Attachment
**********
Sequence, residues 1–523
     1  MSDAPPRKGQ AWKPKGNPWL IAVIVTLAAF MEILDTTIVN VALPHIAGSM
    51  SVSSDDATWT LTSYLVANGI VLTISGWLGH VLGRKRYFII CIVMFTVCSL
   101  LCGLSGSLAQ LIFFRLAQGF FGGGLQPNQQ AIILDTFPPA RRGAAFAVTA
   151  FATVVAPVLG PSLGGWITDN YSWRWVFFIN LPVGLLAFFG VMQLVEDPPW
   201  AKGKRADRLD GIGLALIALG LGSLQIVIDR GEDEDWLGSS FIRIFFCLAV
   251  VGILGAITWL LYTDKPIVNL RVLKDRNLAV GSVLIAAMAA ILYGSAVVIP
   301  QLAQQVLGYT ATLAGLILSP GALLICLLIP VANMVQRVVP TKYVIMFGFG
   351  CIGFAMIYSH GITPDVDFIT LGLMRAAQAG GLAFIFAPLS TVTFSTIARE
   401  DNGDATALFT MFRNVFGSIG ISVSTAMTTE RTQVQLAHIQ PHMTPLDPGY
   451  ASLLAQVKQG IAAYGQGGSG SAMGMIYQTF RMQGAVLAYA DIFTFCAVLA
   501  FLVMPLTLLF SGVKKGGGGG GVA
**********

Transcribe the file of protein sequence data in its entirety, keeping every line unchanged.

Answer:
Sequence, residues 1–523
     1  MSDAPPRKGQ AWKPKGNPWL IAVIVTLAAF MEILDTTIVN VALPHIAGSM
    51  SVSSDDATWT LTSYLVANGI VLTISGWLGH VLGRKRYFII CIVMFTVCSL
   101  LCGLSGSLAQ LIFFRLAQGF FGGGLQPNQQ AIILDTFPPA RRGAAFAVTA
   151  FATVVAPVLG PSLGGWITDN YSWRWVFFIN LPVGLLAFFG VMQLVEDPPW
   201  AKGKRADRLD GIGLALIALG LGSLQIVIDR GEDEDWLGSS FIRIFFCLAV
   251  VGILGAITWL LYTDKPIVNL RVLKDRNLAV GSVLIAAMAA ILYGSAVVIP
   301  QLAQQVLGYT ATLAGLILSP GALLICLLIP VANMVQRVVP TKYVIMFGFG
   351  CIGFAMIYSH GITPDVDFIT LGLMRAAQAG GLAFIFAPLS TVTFSTIARE
   401  DNGDATALFT MFRNVFGSIG ISVSTAMTTE RTQVQLAHIQ PHMTPLDPGY
   451  ASLLAQVKQG IAAYGQGGSG SAMGMIYQTF RMQGAVLAYA DIFTFCAVLA
   501  FLVMPLTLLF SGVKKGGGGG GVA